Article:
NBA Admits Six Missed Calls Late In Jazz Loss To 76ers

Mar 4, 2021, 5:32 PM | Updated: 7:04 pm
Tobias Harris, Joel Embiid, and Ben Simmons of the Philadelphia 76ers (Photo by Tim Nwachukwu/Getty...
Tobias Harris, Joel Embiid, and Ben Simmons of the Philadelphia 76ers (Photo by Tim Nwachukwu/Getty Images)
(Photo by Tim Nwachukwu/Getty Images)

SALT LAKE CITY, Utah – The NBA has ruled that game officials missed six calls over the final four minutes of the Utah Jazz overtime loss to the Philadelphia 76ers on Wednesday night.

In the Last Two Minute report which reexamines how officials performed over the final two minutes of the fourth quarter and overtime, the league found three calls that put the Jazz at a disadvantage and three calls that put the 76ers at a disadvantage

Jazz players were livid after the game, with both Donovan Mitchell and Rudy Gobert feeling they’d have won the game in Philadelphia if not for the league’s officials.

“We won this game in my personal opinion,” Mitchell said. “I’m going to give them credit, they won whatever, cool, but this is consistent. It’s been a consistent thing.”

Mitchell was ejected late in the overtime period for arguing calls with the officials.

NBA Admits Missed Calls Against Jazz, 76ers

The NBA admitted that officials missed four calls in the final two minutes of regulation and two calls in overtime split evenly between the two teams.

During regulation, the league stated that Gobert should have been called for a foul against 76ers center Joel Embiid which would have put him at the free-throw line with 1:14 remaining and the Jazz leading 116-113.

Embiid missed his shot in the pain and the Jazz corralled the rebound.

On the ensuing possession, the league’s officials missed three calls in a matter of 20 seconds

With 59 seconds remaining in the game, the league signaled that Bojan Bogdanovic should have been penalized for traveling while shuffling his pivot foot while trapped by the 76ers near half-court.

When passing out of the trap, 76ers guard Ben Simmons clearly kicked the ball forcing it to go out of bounds, both calls the referees missed.

After recovering the ball in the backcourt, after two missed shots by Mitchell, the league determined Embiid fouled Mitchell on his third shot attempt of the possession which should have resulted in free-throws.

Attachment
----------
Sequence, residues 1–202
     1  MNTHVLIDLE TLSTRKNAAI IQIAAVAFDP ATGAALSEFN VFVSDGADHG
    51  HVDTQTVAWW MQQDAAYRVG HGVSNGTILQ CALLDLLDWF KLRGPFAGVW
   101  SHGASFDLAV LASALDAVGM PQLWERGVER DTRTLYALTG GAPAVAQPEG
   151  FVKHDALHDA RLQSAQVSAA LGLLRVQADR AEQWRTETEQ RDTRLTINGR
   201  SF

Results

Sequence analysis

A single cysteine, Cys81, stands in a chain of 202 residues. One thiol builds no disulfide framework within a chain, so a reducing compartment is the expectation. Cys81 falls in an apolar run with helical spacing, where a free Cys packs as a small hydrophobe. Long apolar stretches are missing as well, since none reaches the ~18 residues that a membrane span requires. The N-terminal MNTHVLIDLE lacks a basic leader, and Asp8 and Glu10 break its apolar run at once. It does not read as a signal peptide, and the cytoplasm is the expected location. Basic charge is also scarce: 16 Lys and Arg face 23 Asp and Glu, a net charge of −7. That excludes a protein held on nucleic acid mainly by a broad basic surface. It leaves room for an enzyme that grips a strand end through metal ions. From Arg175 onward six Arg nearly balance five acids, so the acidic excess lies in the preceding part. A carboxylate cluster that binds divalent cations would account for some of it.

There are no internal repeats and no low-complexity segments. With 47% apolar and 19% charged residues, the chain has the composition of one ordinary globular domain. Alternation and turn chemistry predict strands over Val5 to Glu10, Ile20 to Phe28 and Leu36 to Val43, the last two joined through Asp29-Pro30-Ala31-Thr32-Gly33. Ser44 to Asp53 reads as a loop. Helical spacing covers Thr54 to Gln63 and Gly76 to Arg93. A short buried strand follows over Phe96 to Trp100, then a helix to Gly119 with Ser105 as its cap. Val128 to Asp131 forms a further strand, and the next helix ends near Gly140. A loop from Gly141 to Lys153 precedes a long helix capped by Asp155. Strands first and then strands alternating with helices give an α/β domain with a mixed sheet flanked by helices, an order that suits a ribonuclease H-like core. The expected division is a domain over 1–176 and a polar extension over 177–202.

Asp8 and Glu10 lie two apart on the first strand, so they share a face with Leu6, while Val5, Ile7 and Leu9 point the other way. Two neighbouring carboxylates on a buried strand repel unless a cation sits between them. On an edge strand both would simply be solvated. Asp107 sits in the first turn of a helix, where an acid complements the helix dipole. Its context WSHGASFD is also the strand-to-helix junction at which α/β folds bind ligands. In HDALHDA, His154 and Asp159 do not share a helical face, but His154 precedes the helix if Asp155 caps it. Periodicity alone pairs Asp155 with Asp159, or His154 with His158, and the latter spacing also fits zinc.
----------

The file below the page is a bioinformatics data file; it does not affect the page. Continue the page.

In overtime, game officials missed two more calls.

With the Jazz trailing 126-123, 76ers forward Tobias Harris traveled with 1:02 left on the game clock which should have resulted in the Jazz getting the ball.

However, after Harris missed his shot at the rim and Simmons missed his putback attempt, Gobert was whistled for a foul call against Embiid that sent the 76ers center to the free-throw line.

The sequence led to Mitchell’s first technical foul in overtime, pushing the 76ers lead from three to five with 57 seconds remaining in the game.

Shortly after the Harris travel, the league determined Gobert should have been called for a three-second violation for spending too much time in the paint without directly defending a 76ers player.

In total, the NBA determined that the officials missed six calls in the final four minutes of the game.

In regulation, the 76ers should have had an opportunity to trim the Jazz three-point lead to just two with over a minute remaining. Additionally, a Jazz turnover should have given the ball back to Philadelphia with just under a minute remaining, trailing by one, which would have negated the free-throws Mitchell would have earned an Embiid foul.

Conversely, the Jazz should have received the ball down three with just over a minute remaining in overtime on the Harris travel, but officials ended up granting two free-throws to the 76ers after the missed traveling violation.

In total, had the game been officiated correctly, the 76ers should have had a chance to take the lead in regulation with just under a minute left to play after being granted two Embiid free-throws.

In overtime, the Jazz should have had the ball trailing by three points in overtime with just over a minute left to play, and Mitchell still in the game.

How either of those scenarios would have played out is purely hypothetical, but it’s clear the game’s officials played a large role in altering the outcome of the game, even if their errors were evenly distributed.

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